When did you first become aware that the World Wide Web was going to play a part in artist promotion?

One of our clients is the respected international music publishing company peermusic. CEO Ralph Peer II was attracted to the Web years ago. Back in 1995, before most other companies had any presence on the Internet, he established a Web site and, as part of our ongoing campaign for them, we publicize peermusic.com. Peermusic then launched one of the first business to business sites, synchsite.com.

Working with other music publishers, peermusic made it possible to license songs on the Web. So it was thanks to their activities that I had the Internet on my radar relatively early. Now we are involved in literally every aspect of new media from e-commerce to wireless lifestyle devices.

The Internet has very rapidly become part of every campaign. Another example is our client Ramp Records (founded by Michael McDonald, Jeff Bridges and Chris Polonis). They’re using traditional distribution along with a strong Internet campaign to make their CDs available to the public and we’re involved in all aspects of this effort.

Has the Web made the publicist’s job easier?

The Internet has made the job simultaneously easier and more difficult. Our company has a very strong reputation for our ability to strategize and position our clients. This requires advance planning and some control over the message we want to deliver.

News on the Web is instantaneous and can be delivered by anyone. We’re finding that it’s more challenging to control the message, image and final impact.

For example, recently, we decided to see if it would be possible for Brian Wilson to do a symphony tour performing Pet Sounds. [Talent agency] ICM made a few exploratory calls and before anyone ever had a firm commitment, one of the people answering phones at a venue made an announcement on the Internet.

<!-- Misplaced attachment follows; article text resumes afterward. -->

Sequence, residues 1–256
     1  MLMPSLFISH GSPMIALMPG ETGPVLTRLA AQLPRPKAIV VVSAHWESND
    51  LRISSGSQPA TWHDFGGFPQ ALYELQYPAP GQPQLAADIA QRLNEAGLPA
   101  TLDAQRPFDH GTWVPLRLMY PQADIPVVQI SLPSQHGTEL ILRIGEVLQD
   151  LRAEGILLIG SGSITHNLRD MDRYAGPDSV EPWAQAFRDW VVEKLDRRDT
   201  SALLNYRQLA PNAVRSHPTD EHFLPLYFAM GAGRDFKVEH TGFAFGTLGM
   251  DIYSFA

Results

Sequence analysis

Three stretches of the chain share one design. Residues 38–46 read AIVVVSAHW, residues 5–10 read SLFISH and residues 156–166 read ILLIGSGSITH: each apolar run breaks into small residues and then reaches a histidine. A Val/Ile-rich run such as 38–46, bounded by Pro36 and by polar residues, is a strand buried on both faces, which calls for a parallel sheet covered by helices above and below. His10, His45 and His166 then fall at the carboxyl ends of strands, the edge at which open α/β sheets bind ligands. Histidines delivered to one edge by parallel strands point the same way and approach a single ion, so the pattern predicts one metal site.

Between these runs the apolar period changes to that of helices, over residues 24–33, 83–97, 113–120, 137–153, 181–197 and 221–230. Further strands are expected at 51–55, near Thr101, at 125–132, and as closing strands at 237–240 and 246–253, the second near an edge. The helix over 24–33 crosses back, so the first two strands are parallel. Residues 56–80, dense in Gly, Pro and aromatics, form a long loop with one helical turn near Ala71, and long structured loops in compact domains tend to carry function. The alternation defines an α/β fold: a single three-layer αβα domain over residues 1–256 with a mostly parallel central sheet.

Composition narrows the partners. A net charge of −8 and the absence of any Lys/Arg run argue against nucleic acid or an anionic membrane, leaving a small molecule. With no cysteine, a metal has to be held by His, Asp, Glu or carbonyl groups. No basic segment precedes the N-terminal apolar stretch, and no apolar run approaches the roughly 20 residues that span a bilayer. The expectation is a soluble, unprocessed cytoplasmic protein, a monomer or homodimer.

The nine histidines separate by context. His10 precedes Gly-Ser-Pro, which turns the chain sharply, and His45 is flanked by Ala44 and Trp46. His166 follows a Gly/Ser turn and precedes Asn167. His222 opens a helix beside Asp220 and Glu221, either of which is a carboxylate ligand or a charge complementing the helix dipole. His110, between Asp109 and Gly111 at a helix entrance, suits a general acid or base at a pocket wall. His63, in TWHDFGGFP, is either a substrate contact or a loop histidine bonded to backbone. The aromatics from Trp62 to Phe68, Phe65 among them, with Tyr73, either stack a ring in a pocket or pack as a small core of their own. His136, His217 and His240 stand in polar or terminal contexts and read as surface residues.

The rumors started and word must have reached thousands of people before we even knew if the tour would become reality. It’s not that the result is bad, it’s just disorganized and requires a great deal of time and effort to “clean up.”

We still have not announced the final itinerary but we spend a lot of time answering questions from eager fans and dealing with issues that would not exist if we had been able to control the news and simply make the announcement when everything was in place.

We work closely with editors and talent coordinators all the time. Part of our job is to consider their varied deadlines. It’s difficult to guarantee a monthly, weekly or even a daily outlet that their story or interview will have the excitement of fresh or breaking news. Just about everything is “old” once it’s been on the Internet. And we have no way of preventing people from putting news on the Web. If I leave a message for someone, I have to wonder if it’s about to appear on the Internet.

On the other hand, we take advantage of the instantaneous nature and enormous power and outreach of the Web. When we have information that we have to get into people’s hands, we can e-mail directly to media, to fans, reviewers, etc., and within seconds, the news is where we want it to be. Our database is enormous (and growing) and so is our outreach. Additionally, the ability to send photos or stream audio and video is terrific.

I don’t think it’s bad or good. It’s just quick. We now integrate the immediacy of the Internet into our more traditional way of doing business.

Stay tuned to Pollstar.com for more Q&A with Ronnie Lippin.